Its very remoteness made it vulnerable, and when, in the 11th century, the Christians became strong enough to fight back, Alfonso XI of Castile took it away from the Arabs. But it was to be centuries before it became even remotely important. This was surprising, for standing as it does almost exactly in the centre of the country it governs, it was, and still is, a perfect focus for routes to every part of the land. Its very remoteness, too, gave it the added advantage of allowing it to stand aloof from inter-provincial squabbles and wars.

Once the Moors were driven out, the early kings of Castile turned the Alcazar into a hunting lodge, and added to it from time to time. But they did not make it their capital. This they constantly shifted to wherever the Court happened to rest at the time: Valladolid, Toledo, Segovia, Seville, and, just sometimes, Madrid.

It stands in the middle of a dry and treeless plateau, more than 2,000 feet above sea-level, but at one time this bleak table-land was heavily wooded, and the forests full of bears and wild boar. Gradually the trees were cut down to provide timber for building. As the forests disappeared, other changes took place: streams disappeared, the soil became barren and the hills eroded. Even the climate changed. The air grew drier, the summers hotter and the winters colder. This was to affect Madrid in a curious way.

The first king to live there for any length of time was Charles I, better known as the Holy Roman Emperor Charles V, who ruled not only Spain but Austria, Flanders, the Netherlands, much of Italy and vast territories in the Americas. He found the dry, sharp air of this barren upland area beneficial for his rheumatism! It was for this reason, mainly, that he lingered.

His son, the even-more-sickly Philip II, was the first king to settle permanently. He married Mary, the unhappy daughter of Henry VIII of England. After she died, he launched the Armada against her sister Elizabeth, in a vain attempt to regain his “lost kingdom.”

Madrid, so they say, had no overall plan, but “grew as God willed.” Most great inland cities of Europe have developed in circular form, outwards from a central point. Because of its position on the edge of a bluff, Madrid spread fanwise, like a sea-port. Unlike other capitals, too, it is not even, strictly speaking, a city! Officially it ranks only as a town. It became a capital almost by accident when Philip II decided permanently to set up his Court there, and its official designation is still La Corte.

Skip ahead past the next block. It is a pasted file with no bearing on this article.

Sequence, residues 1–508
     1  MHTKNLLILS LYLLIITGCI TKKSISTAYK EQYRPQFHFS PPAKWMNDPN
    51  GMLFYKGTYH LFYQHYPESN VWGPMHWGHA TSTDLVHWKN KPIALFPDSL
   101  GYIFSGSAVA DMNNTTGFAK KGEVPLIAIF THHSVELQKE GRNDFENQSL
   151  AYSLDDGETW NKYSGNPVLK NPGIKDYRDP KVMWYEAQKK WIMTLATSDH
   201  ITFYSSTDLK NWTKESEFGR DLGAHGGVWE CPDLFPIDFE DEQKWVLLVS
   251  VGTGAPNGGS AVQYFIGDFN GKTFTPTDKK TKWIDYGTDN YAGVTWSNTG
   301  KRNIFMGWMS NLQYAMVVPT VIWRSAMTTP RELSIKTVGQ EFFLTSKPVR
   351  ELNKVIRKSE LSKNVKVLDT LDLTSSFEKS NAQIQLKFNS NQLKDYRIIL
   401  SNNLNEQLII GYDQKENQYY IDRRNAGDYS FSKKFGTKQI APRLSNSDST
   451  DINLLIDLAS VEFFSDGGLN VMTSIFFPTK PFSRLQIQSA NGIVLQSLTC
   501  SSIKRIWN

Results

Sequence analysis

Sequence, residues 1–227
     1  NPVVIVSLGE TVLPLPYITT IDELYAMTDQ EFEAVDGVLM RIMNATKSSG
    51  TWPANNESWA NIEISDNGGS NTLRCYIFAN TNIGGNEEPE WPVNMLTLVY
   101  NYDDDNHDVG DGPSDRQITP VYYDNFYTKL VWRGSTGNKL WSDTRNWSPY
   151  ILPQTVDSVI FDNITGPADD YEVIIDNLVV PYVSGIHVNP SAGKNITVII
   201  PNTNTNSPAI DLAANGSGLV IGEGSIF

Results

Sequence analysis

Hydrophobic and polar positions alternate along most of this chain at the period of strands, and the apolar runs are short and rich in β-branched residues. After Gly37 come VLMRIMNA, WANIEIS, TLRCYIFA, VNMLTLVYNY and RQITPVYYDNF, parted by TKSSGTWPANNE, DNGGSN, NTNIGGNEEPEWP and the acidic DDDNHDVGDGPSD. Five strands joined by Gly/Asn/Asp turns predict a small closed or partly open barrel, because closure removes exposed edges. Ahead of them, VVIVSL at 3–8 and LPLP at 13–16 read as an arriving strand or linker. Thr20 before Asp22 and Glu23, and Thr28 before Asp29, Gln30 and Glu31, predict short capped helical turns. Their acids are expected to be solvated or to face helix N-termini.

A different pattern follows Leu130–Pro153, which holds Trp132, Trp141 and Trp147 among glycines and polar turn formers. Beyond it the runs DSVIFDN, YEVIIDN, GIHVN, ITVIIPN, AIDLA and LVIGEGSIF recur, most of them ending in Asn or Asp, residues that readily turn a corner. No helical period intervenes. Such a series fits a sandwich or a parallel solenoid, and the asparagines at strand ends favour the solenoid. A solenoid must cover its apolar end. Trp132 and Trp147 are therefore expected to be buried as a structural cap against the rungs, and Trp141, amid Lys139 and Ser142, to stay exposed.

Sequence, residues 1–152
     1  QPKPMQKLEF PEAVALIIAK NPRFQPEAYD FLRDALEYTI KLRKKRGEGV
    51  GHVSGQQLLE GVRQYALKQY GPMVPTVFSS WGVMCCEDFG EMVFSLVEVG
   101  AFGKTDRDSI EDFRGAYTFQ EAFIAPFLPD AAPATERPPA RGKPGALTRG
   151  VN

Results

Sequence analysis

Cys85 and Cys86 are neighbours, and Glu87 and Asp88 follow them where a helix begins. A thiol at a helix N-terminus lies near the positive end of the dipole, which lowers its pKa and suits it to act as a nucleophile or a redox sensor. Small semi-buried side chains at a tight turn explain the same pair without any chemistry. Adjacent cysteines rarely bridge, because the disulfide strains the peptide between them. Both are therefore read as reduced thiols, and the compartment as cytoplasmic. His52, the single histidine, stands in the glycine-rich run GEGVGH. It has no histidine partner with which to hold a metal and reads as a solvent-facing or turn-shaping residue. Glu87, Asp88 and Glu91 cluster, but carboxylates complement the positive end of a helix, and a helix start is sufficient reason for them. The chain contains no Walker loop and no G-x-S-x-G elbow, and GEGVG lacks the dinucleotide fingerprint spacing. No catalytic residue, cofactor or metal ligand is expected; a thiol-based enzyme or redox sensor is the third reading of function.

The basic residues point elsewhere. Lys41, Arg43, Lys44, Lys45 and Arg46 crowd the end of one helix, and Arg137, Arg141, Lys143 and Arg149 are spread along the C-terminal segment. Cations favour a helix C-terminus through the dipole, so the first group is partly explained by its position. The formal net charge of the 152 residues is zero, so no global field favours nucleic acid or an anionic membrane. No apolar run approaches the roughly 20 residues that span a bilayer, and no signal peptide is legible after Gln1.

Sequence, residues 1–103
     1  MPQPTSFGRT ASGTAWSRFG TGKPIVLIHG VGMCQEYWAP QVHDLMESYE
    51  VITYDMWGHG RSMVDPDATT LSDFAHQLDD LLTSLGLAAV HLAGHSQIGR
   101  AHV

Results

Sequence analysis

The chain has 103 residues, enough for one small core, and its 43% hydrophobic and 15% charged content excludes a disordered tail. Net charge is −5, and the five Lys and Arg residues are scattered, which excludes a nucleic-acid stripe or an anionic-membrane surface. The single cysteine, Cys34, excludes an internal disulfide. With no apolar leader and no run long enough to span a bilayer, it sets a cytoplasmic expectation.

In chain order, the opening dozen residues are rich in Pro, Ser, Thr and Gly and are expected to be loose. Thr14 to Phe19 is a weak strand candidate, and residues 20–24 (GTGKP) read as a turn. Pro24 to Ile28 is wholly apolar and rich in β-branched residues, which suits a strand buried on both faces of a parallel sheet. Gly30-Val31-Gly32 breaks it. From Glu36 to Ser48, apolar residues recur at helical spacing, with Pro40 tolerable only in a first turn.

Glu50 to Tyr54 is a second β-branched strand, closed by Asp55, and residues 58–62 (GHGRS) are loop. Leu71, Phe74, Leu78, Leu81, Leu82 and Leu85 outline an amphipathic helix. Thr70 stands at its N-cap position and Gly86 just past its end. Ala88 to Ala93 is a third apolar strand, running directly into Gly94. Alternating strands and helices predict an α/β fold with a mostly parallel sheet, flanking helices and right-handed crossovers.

Until 1851, this capital of Europe’s most fervently Catholic country had no cathedral. Even now it shares a bishop with another town, rather as Bath, in Somerset, shares one with the neighbouring city of Wells.

Bits of medieval Madrid still exist, although carefully preserved and restored. East and south of the palace, which stands back from the cliff edge, there are still narrow, twisting, romantic, cloak-and-dagger streets hung with baskets of geraniums; quiet, tree-shaded squares; musty old palaces; scutcheoned houses of long-dead noblemen and baroque churches all date from the 16th and 17th centuries, when the Austrian Habsburgs were kings of Spain.

There is still a Moorish flavour about some of the buildings. The towers of some churches were built in Moorish style for Christian masters, by Moslem workers.

Another tower, the Torre de los Lujanes, is by tradition the first place of imprisonment of Francis I of France, after his defeat at Pavia. The Spaniards, who have had more than one French king foisted on them, have never forgotten the time they captured a French king in battle, and 400 years later they still eat a dish of salt cod fried in oil, called “the little soldiers of Pavia,” because it reminds them of the yellow tunics of the old Regiment of Hussars of Pavia.

From the 17th century onwards Madrid saw little in the way of violent upheavals, except in 1808, when the unarmed populace rose in a mass against Napoleon’s invading armies; and again in 1936-39, when Madrid, like most Spanish cities, suffered appalling devastation during its tragic Civil War. Then whole areas were wiped out by bombardment, and street fighting.